LETTERS FROM HOME

Making Meaning of Life’s Puzzle

The game of Scrabble offers some important life lessons.

A Scrabble puzzle with words like courage, wonder, and dessert.
Photo by Bradley Slade

Scrabble runs in the family. It began with my grandmother and passed to my mother and then to me. When I was young, we visited Grandma regularly and each visit involved as many Scrabble matches as necessary for her to win. She knew all the tricks: words with q but not u, like qanat, which I later studied as an engineer, and short words like aa, which once stumped me on a BYU geology exam.

She also knew some not-so-fair tricks. A pure Scrabble set contains only two blank tiles—freebies that can substitute for any letter—but Grandma sometimes added blanks from other sets or just flipped over a plain letter to make it appear blank. Playing with novices, she had the upper hand. But she never fooled anyone in my family, and we usually played along. I often recalled what a high school English teacher had taught me: “If you cheat, I may or may not know. But either way, may you burn in guilt forever.”

When I moved to Boston for graduate school, I met with a bishopric member to receive a new church calling.

“We’d like you to serve as Cubmaster,” the counselor said.

What? Cubmaster? I flashed back to my own Cub Scouting experience. My den leader crying in her kitchen as our bake-off turned to bedlam. Another leader hospitalized after a rope swing accident. Boys plastering Oreos on the cubmaster’s truck. Really? You’re asking me to risk my life every Wednesday night with a mess of intractable, half-uniformed 8-year-olds?

Now is a great time for a blank tile, I thought. Something to fill in the gaps and make meaning out of this mayhem. I reached into my mental Scrabble pouch but found no blank. I thought about Grandma. Should I fake some excuse? Like “I’m allergic to Cubs?” No. I’d burn in guilt forever.

A Scrabble board transforms and gains meaning with each new letter. Sometimes it’s not so good. Grin turns to grind, right turns to fright, and sorrow becomes sorrows. Yet in the course of the game, end becomes friend, rust becomes trust, and age becomes courage. Only later do we appreciate the journey that shaped the outcome. Maybe my year as Cubmaster to those fatherless city kids wasn’t a mistake after all. Unlike Scrabble, life allows for multiple victors.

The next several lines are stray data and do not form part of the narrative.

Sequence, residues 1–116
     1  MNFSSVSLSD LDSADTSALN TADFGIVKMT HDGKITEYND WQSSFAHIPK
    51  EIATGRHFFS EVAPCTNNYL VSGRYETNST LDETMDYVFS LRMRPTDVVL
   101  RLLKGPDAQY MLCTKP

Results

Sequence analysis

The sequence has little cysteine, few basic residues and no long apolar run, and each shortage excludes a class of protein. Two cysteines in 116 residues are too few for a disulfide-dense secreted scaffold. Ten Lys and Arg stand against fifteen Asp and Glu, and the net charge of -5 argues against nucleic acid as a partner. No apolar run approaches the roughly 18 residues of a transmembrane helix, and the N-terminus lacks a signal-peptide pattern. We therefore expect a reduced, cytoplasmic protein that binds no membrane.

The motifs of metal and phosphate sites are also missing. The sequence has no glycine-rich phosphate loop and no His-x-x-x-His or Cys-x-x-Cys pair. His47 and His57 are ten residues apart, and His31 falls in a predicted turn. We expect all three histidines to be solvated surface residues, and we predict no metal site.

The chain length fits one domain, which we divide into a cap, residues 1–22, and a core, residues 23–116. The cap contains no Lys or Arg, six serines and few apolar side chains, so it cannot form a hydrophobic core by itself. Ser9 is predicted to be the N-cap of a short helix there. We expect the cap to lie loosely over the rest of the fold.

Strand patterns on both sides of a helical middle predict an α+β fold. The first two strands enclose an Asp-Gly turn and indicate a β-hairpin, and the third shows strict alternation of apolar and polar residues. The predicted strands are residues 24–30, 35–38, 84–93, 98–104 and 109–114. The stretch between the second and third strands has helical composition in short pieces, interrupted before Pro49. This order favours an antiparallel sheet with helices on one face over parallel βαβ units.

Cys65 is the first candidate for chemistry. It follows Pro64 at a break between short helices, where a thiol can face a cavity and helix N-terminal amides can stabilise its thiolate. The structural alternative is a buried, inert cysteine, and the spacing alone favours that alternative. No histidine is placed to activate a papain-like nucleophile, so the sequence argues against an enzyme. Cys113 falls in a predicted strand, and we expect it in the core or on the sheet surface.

Scrabble is a language game where players arrange letters to create meaning—it’s the only way to earn points. But players draw the tiles blind. Some rejoice when blessed with valuable letters; others groan when they see their poor collection. It seems unfair.

We’ve all felt this way. It’s part of the human experience to deal with conditions beyond our control. Naturally we wish for an alternative. Even ancient prophets shared this sentiment. Alma conceded that “I ought to be content with the things which the Lord hath allotted unto me” (Alma 29:3), and Nephi was “consigned that these are my days” (Hel. 7:9).

Regardless of what letters we draw, we must still make sense of them. Somewhere on the board, we find pieces that help us make something meaningful—to find patterns, to explore possibilities, to grow. And there’s the irony: We can’t succeed with just our own tiles. It may be a competition, but we actually need the other players. We need their tiles, their contributions. We need them to create opportunities for us to make meaning, and they need us to do the same.

Yes, Scrabble runs in the family. I think of my grandparents. They played their part. And my parents play theirs, and my wife plays hers. I think of our special-needs daughter and our future family. Will I play my part? Will I leave enough words to help them fill an otherwise empty lifetime with meaning?

After countless games of Scrabble, I’ve learned a few good lessons.

A headshot of author Robert Sowby
Photo courtesy of Robert Sowby

When you see hater, think heart.

When life gives you a downer, turn it into wonder.

And when you get stressed, make some dessert.

Robert B. Sowby is a civil engineer, author, and his daughter’s favorite papa.

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In Letters from Home BYU Magazine publishes essays by alumni about family-life experiences—as parents, spouses, grandparents, children. Essays should be 700 words and written in first-person voice. BYU Magazine will pay $350 for essays published in Letters from Home. Send submissions to lettersfromhome@byu.edu.

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